Aurich: Absolutely. In the residence where I was, for the first hour we looked, we didn’t find too much. We did find some documents, but we really were looking for some cash. The marshals were too big to get to the attic, so I stood on a marshal’s shoulders and went up there. Under the insulation I found a couple thousand dollars in cash. So that was a good day for me.
Q: Who’s inspired you along the way, either professionally or personally?
Aurich: I have been really blessed at Withum to work with some great mentors who have really helped me to develop professionally. Ken DeGraw really pulled me into the turnaround work and the bankruptcy work. He got me involved in TMA and really has probably been the most influential person in my professional career. He’s really helped me and pushed me farther than I ever actually thought I could go. Professionally, he has to be my biggest mentor, and he’s also my biggest supporter in the firm.
There are plenty of women as well in the firm who I look up to on a personal and professional level. At Withum there is no shortage of mentors and career coaches, so they’ve been very inspirational to me and helped me out in a lot of ways.
Q: It’s great to work in a supportive environment like that.
Aurich: Absolutely. It really makes all the difference. When I talk to a lot of other women on the team and even when I’m at other networking events, I never take for granted what I have here. Everyone really is so welcoming, and the culture here is just so supportive that it would be really hard to pass it up.
Q: What advice do you have someone who’s new to the industry or is looking to get into it?
Aurich: I think getting involved in the different types of organizations like TMA and others really made the difference for me. Going to events in this industry and getting to know other people really helped me to feel a sense of community and that I belonged there, and it helped me get involved on a deeper level. I’m now on the committee for the TMA NextGen group in New Jersey. I’m also involved in another women’s turnaround organization called IWIRC.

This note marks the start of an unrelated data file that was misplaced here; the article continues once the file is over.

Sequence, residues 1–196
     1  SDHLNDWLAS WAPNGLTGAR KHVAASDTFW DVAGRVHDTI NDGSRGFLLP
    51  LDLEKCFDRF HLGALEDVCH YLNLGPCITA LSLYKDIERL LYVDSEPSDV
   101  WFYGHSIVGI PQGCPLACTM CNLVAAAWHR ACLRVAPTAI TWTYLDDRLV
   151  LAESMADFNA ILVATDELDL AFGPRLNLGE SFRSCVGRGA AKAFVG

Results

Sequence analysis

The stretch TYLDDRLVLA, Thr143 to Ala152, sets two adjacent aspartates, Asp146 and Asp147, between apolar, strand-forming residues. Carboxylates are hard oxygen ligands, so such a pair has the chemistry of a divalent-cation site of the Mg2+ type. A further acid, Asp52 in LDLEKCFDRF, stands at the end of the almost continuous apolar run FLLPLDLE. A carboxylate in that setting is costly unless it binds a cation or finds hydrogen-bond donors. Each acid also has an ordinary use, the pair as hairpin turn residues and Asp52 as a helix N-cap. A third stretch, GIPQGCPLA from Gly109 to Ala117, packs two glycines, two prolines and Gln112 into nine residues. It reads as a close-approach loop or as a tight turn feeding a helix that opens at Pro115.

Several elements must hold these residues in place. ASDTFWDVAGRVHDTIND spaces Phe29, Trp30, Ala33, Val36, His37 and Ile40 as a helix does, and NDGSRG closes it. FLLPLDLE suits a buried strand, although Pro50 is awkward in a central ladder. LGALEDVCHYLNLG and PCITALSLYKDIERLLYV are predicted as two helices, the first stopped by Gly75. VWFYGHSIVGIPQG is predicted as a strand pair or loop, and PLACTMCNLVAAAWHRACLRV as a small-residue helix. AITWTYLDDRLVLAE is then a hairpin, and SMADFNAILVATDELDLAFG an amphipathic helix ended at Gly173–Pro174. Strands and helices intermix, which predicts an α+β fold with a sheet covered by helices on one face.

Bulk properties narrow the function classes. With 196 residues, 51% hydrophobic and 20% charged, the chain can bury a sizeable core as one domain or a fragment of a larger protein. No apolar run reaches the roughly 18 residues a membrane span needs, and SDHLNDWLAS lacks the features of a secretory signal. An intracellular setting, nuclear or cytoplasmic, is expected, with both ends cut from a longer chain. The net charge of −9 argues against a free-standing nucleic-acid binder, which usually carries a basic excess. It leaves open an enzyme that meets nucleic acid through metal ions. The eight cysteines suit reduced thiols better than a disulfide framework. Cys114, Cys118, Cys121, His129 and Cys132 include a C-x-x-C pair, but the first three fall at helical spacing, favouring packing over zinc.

TMA has helped open a lot of doors for me to get involved, especially when I was new to the industry. I got involved in TMA my first year working, so I’ve built a lot of relationships over the past five years, and it’s been very helpful for me in developing professionally as well as personally. Some of these women that I work with or speak with at the networking events can really shine a light and be very helpful. It’s such a great resource in the everyday, as well as in the professional, world.
Q: What might people who only know you in your professional capacity be most surprised to learn about you?
Aurich: Obviously, that I am a cheerleader. I’m not ashamed of being a cheerleader. I know there are stereotypes and some stigma attached to it, but I’m very proud of everything I’ve done with the Eagles. It is a professional organization, so it’s not something that I shy away from talking about, even when I’m in a professional setting or a networking event. I’ve learned some very valuable lessons from being a cheerleader—leadership, working with teams, and so many different things that really translate well into the professional world in the traditional sense.
People who know me professionally probably also know that I’m a cheerleader, but sometimes it comes as a surprise to people. I often hear, “Wait, that’s kind of an anomaly,” or “Really, you do both? That’s so odd.” They still find it hard to believe that someone who’s an accountant could also be a cheerleader.
To be a Philadelphia Eagles cheerleader, you have to be employed full-time or be a full-time college student. We’re all very well-rounded individuals. But it can be a difficult topic for some people who don’t know what to make of it. They don’t want to stereotype you in a certain way. When I first met my husband, someone had told him ahead of time that I was a cheerleader but was also an accountant. I really respected him because when he came over to talk to me, he brought up the accounting card and asked me to do his taxes or something as opposed to asking me about cheerleading. I thought that was pretty funny, actually.
Q: When I mentioned you to a couple of people in my office, they asked what you did professionally. One of them was an accountant, and she said, “See, we’re not all boring.”
Aurich: Exactly! I like to break that stereotype as well.
Q: What items are on your bucket list?
Aurich: I have a lot of items on my bucket list. On a personal level, obviously I’d love to cheer at a Super Bowl, and I’m hoping this is my year. As a cheerleader, we can also go to the Pro Bowl, so I’m hoping at some point I can be the cheerleader representative for the Eagles at the Pro Bowl. I just got married, so I sort of feel that the world is my oyster right now.
I think, first and foremost, on the professional side, I want to get the CPA exam done. Once I get that done, then I’ll really feel like I can be on top of the world.